Abdullah Al-Ani, a 29 years old Iraqi young man came to Finland on the eve of 2015. It was the year in which record-breaking number of asylum seekers, 32476, entered Finland; eighty-four percent of them were under 34 years old. According to the Finnish Migration Service, when adjusted to population size it was the fourth largest in the European Union; In the year 2009, the arrival of 5988 asylum seekers was the previous record for Finland.
After finishing high school, Al-Ani went to Russia to do his university studies majoring in electrical power engineering. He got a master’s degree from Russia and returned home. After staying for a short period because of the situation in his hometown he left Iraq and sought asylum in Finland. While living in the reception center in Helsinki, as he is an outgoing and active person, he did not like the inactive routine at the reception center. He heard from one of his friends about the Laajasalo local Red Cross branch and its services and went there to learn more about Red Cross and its activities and ended up registering as a volunteer. His first assignments were serving as an Arabic–English, and English–Russian interpreter and translator, both in person and over the phone, teaching Finnish alphabet and numbers for Arabic speaking children at the Red Cross refugee center, He was also an active participant in organizing the weekly multicultural evenings held at the Laajasalo branch.
Al-Ani got a residence permit after waiting for a year but continued volunteering actively. After developing his Finnish language skills, through attending intensive language courses and practicing what he learned with friends and volunteers, he has been able to serve the local branch in various capacities. He had also the opportunity to attend various courses and training arranged by the Red Cross. Presently, he is serving as vice chairman of the same local branch of Finnish Red Cross. Al-Ani is now attending a training that would get him a certificate of qualification to do electrical works – it was a Finnish friend of him who recommended this training.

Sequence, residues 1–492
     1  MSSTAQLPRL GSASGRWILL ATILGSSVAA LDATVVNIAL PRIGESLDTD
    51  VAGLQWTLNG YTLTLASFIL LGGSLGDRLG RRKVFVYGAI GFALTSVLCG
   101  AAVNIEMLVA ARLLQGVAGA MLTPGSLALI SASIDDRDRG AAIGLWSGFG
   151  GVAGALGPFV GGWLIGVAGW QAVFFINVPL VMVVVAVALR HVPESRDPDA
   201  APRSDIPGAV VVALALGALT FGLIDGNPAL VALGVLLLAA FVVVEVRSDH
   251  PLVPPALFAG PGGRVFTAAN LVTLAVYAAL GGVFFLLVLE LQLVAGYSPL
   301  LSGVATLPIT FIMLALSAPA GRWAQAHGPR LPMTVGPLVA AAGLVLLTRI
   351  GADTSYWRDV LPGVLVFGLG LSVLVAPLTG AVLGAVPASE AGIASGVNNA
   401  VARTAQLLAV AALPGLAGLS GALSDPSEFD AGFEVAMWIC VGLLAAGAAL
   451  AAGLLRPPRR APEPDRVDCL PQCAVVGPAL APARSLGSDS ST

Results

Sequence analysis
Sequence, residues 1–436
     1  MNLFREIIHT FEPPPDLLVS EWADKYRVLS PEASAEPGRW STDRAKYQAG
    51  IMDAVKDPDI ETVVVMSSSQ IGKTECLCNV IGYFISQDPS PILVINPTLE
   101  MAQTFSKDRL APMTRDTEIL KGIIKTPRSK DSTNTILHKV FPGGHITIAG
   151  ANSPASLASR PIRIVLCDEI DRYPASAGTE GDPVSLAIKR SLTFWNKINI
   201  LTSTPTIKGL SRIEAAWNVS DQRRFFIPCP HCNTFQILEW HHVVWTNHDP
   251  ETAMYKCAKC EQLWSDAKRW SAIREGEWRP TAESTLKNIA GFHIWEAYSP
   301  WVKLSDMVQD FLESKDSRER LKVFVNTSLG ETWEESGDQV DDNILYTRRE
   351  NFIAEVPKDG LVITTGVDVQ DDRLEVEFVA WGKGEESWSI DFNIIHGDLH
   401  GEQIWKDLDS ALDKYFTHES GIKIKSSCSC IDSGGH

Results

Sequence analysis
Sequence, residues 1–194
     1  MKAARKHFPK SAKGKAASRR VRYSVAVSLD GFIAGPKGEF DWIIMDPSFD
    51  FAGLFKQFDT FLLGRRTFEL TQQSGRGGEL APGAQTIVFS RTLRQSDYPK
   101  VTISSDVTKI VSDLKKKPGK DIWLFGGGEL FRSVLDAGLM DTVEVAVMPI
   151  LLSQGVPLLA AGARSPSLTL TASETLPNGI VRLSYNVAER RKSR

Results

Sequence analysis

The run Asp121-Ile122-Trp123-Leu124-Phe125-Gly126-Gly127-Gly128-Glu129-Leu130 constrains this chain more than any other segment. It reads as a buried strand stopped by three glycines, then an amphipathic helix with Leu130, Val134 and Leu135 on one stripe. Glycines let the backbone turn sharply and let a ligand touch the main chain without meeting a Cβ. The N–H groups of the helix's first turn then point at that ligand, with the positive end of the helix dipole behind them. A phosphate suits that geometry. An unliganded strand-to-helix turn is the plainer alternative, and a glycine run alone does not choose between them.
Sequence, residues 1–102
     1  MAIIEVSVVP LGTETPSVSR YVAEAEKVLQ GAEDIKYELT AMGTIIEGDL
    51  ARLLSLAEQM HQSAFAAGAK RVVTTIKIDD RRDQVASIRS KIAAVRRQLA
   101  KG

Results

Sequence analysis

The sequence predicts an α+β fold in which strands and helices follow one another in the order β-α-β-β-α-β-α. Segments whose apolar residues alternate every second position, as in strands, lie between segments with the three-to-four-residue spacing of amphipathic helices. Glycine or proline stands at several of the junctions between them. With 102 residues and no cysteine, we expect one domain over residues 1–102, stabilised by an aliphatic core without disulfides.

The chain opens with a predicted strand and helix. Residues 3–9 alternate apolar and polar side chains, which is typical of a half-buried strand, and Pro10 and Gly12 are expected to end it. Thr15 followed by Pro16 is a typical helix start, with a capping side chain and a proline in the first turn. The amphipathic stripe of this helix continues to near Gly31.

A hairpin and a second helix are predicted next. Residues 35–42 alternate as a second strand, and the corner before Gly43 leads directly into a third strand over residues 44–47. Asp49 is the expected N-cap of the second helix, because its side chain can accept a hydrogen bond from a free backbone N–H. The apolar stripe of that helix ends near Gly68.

– Volunteering for Red cross has enabled me to attend courses and training that are useful for my future career. I have never been employed, but through volunteering, I have been able to develop communication, teamwork and leadership skills, Al-Ani said.
The integration policy of Finland focuses on preparing immigrants to the labour market in their first three years, but studies have shown that refugees from Iraq, Somalia, and Afghanistan, have a higher unemployment rate after staying in Finland for more than ten years. Studies done in other western countries have shown that promoting volunteering among immigrants could speed up their social and economic integration into society. If we take Al-Ani’s case as an example, he had no earlier work experience and could have stayed idle at the reception center, but through volunteering, he has been able to develop his human and social capital i.e. he has developed communication and teamwork and leadership skills, and also social networks.
The number of immigrant volunteers in Finland is, needless to say, very small. Immigrants and those who are responsible for the integration of immigrants might not be familiar with or don’t appreciate the manifold benefits of volunteering like making social connections, advancing ones physical and psychological wellbeing, learning new skills, getting an opportunity to support good causes, learning about the host country and its work culture, improving language skills, and getting job reference.
Every effort must be made to integrate and use immigrant’s potential human resource for the good of immigrants and the society. As volunteering has multifaceted benefits, increasing the supply and demand for volunteering opportunities; Raising awareness of immigrants on the values of volunteering; funding small volunteer-involving organizations; the inclusion of volunteering in the integration policies of both national and local governments, should be considered as an imperative task by the government, municipalities, immigrant organizations, volunteer-involving organizations, and social funders.
Volunteering for mainstream volunteer-involving organizations can contribute a lot in speeding up the integration of immigrants into Finnish society, but as integration is a two-way process it calls upon both immigrants and the society to do their fair share. Proactive immigrants like Abdullah Al-Ani and broad-minded people like the chairman of the Laajasalo Red Cross branch and his team would make the integration process short and effective.